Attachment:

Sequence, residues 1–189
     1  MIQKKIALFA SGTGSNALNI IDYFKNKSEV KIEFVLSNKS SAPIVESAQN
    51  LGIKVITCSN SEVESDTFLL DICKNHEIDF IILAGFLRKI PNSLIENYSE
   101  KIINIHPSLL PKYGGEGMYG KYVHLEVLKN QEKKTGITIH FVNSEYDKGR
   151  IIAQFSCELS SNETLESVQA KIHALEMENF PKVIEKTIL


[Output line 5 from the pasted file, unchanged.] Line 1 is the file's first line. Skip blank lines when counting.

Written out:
   151  IIAQFSCELS SNETLESVQA KIHALEMENF PKVIEKTIL